Measuring Change To Find A New Path
By Ben Jefferys, Head of Trading Solutions, IRESS
Whether you look at it from a global, regional or local perspective, markets have changed a lot in recent times. A lot of this is to do with newer regulatory requirements but in markets where more than one exchange competes there has been a lot of competitive innovation too. With no sign of the rate of change slowing anytime soon could there be a better way for the industry to move forward? To explore this we first take a look at the effects of recent regulatory change on trading volumes and patterns.
Despite slight increases in overall market volume, the value of share trading today is averaging lower than where it was a year ago. Some brief periods of increased volatility supported higher volumes but relatively speaking markets remain quiet. Still the number of transactions across the board continues to rise as the markets further fragment. We now have well over a year of trading since the Australian regulator ASIC made changes to off-market transactions relating to price improvement and block sized trades.
Message rates on the Australian exchanges have remained stable for 2014. By looking at the number of create, amend and cancel messages on each exchange we see both ASX and Chi-X exchanges are following a similar level of activity this year. Even though the ASX is effectively a busier exchange in terms of the headline number of messages it looks a little different when we compare it to the actual amount of volume transacted on each exchange.
Here we can look back a bit further to the start of 2013 and see that the total Chi-X volume has been slowly increasing whilst the total ASX volume even though being more volatile is slowly decreasing. Overall Chi-X still trails ASX in terms of market share but the message rate on Chi-X relative to its traded volume is higher than the ASX giving it a higher order to trade ratio. What we see here in Australia is really no different to what we see in other markets around the world where newer alternative exchanges are competing with the incumbent exchange. The newer alternative exchanges need market makers passively resting in their order books at the same or better prices than the incumbent so that broker smart order routers will target these exchanges. As prices move around on the incumbent exchange the market makers tend to move in sync on the alternative exchange adding to its ‘busyness’ whilst not transacting as much volume.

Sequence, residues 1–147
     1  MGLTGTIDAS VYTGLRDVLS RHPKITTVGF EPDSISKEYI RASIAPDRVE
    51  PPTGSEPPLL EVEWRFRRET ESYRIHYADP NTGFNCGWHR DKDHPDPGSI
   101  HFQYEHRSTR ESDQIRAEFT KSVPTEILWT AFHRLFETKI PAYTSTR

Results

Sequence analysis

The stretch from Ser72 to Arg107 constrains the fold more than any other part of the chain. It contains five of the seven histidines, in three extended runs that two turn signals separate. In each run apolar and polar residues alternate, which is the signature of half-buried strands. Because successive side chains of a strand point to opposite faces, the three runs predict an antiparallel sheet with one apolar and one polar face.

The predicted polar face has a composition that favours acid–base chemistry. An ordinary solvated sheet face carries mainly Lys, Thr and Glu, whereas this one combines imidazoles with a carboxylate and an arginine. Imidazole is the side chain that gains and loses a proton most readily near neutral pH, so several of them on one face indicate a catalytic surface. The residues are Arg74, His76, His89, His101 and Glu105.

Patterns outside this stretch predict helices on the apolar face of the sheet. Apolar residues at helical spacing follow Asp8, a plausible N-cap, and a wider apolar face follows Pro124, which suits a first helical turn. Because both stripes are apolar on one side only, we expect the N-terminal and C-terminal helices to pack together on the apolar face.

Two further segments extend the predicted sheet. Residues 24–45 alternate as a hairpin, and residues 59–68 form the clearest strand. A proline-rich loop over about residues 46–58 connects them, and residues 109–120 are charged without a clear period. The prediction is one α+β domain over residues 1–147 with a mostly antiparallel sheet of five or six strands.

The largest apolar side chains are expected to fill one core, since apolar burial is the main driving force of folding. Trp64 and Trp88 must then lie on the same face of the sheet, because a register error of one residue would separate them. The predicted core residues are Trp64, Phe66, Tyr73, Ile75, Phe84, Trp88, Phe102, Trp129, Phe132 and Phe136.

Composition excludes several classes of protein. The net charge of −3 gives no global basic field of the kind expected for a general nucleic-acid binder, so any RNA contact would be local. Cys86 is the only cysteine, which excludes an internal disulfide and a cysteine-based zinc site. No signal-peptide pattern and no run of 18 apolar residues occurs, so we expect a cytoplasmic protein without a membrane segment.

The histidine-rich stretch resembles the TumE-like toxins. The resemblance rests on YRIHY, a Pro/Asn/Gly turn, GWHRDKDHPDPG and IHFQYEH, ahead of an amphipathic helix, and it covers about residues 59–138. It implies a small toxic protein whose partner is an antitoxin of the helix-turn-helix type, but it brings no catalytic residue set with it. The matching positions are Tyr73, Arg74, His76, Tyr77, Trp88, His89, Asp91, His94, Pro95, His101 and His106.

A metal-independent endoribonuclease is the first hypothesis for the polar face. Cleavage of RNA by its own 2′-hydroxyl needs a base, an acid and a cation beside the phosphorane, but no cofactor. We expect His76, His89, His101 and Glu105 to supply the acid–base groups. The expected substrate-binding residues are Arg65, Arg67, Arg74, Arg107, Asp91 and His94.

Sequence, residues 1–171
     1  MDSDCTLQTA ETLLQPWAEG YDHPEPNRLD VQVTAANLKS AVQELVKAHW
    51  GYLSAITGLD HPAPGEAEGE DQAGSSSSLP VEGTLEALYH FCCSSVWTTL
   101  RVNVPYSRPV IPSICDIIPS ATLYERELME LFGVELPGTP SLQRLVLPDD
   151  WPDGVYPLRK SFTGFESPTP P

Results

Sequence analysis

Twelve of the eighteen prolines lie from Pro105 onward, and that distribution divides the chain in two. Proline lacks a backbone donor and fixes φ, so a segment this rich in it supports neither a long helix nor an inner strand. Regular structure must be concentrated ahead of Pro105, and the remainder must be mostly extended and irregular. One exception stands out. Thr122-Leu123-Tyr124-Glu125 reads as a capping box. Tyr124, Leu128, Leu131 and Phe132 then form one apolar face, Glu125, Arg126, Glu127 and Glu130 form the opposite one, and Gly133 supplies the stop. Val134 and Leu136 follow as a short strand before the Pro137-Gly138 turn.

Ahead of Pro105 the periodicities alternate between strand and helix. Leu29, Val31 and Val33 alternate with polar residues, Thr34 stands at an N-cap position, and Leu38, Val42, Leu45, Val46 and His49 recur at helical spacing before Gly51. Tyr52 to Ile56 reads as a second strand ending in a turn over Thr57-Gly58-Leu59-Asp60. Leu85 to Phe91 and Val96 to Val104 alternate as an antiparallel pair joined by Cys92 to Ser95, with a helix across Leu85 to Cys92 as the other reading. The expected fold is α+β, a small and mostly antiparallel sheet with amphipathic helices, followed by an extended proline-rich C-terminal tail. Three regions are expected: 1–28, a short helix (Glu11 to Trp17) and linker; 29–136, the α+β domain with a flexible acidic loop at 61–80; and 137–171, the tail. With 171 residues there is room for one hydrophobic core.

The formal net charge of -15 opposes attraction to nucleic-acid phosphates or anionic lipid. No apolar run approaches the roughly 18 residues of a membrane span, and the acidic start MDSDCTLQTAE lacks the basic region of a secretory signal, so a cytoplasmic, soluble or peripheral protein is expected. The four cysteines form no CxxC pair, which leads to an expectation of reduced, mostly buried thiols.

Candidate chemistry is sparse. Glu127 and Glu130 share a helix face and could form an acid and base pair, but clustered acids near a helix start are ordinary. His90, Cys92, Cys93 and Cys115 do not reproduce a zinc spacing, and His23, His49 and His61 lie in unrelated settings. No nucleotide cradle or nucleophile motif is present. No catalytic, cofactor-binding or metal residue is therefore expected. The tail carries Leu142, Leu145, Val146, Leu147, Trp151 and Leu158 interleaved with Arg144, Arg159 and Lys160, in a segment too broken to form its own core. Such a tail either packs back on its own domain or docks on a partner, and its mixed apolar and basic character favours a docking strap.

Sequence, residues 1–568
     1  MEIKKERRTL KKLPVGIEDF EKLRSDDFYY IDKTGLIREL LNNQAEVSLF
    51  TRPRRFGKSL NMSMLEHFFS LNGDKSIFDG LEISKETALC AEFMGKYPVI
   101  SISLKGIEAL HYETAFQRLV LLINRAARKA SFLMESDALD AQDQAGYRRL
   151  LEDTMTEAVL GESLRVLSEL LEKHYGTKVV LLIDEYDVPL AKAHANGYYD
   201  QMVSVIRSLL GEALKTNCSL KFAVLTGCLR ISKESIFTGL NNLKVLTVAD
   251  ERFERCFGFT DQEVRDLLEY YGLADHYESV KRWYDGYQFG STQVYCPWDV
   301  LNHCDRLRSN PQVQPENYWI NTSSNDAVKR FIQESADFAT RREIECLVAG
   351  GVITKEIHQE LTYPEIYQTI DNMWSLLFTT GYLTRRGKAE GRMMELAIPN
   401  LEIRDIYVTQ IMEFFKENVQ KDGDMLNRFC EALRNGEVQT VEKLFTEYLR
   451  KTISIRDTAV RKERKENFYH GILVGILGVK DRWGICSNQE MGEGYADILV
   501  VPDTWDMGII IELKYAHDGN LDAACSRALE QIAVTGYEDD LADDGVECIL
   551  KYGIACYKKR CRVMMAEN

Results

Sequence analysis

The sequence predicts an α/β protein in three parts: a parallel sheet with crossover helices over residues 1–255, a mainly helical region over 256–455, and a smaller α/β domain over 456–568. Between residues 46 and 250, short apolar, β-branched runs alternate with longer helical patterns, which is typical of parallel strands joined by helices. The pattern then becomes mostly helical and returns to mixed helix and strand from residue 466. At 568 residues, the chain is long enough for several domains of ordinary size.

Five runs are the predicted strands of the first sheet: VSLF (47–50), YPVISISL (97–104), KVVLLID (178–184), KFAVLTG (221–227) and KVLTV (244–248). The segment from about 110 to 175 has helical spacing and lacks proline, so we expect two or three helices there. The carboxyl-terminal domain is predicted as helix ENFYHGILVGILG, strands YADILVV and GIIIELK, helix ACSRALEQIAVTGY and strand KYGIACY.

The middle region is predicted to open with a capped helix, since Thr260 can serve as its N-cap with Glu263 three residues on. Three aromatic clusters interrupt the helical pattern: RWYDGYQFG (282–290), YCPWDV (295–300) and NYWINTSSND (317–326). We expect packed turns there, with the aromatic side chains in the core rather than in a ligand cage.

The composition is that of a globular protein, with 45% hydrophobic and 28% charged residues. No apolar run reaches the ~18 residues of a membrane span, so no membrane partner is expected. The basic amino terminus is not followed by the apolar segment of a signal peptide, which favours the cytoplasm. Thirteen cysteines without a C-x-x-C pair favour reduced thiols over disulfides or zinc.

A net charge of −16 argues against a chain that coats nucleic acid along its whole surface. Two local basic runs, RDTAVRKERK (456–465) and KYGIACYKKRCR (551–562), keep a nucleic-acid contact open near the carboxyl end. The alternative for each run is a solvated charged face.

Because the messaging rate has remained reasonably stable whilst the volume on Chi-X is slowly growing it is a positive result for those supporting competition. The market is becoming more confident in trading away from the incumbent exchange. Market makers are supplying more liquidity by sitting passively with more volume. At the same time sell side brokers are also happy to post liquidity into these exchanges driven primarily by cheaper execution costs and a reduced queue time for stocks where this counts.
But these last 12 months have also been interesting from a post regulatory change point of view. In May 2013 ASIC changes regarding off market crossings for dark liquidity took effect. ASIC have recently made public comment on these changes in “Report 394 – Review of recent rule changes affecting dark liquidity”. A lot of focus has been put into trading around the new block special tiers but it is equally interesting to look at the effect on trades below block size that are now referred to as trades “with meaningful price improvement”.
ASIC were concerned with the amount of off market trading taking place away from the lit exchanges of ASX and Chi-X and for amongst other reasons its effect on price formation. Previously below block size crossings could take place at the best bid/offer and within the spread. The rule changes sought to address the situation and protect market quality by limiting what can be done off market and encouraging brokers to post liquidity back onto the lit exchanges. Nowadays these off market crossings below block size can only trade within the spread and offer a meaningful price improvement.
Looking at some sample data helps illustrate just what the effect has been. Telstra is a great example to use because it is well fragmented not only due to its size but also because of the way it trades. Telstra is a “queue stock” where establishing priority for passive orders is important.
Prior to the rule changes vast amounts of Telstra traded via NX crossings that could be done at the bid or offer. Brokers would always try and establish queue priority but then jump the queue and cross with an opposing order when the opportunity arose. The immediate effect of the rule change was a sharp drop in the number of below block size crossings. In fact these ‘NX’ crossings were down +60% the following month. Since then the number of NX crossings has remained fairly stable. It’s worth noting that in this example we don’t include what were known as ASX Priority Crossings that would extend the effect of the change as some broker crossing engines still used this order type at the time.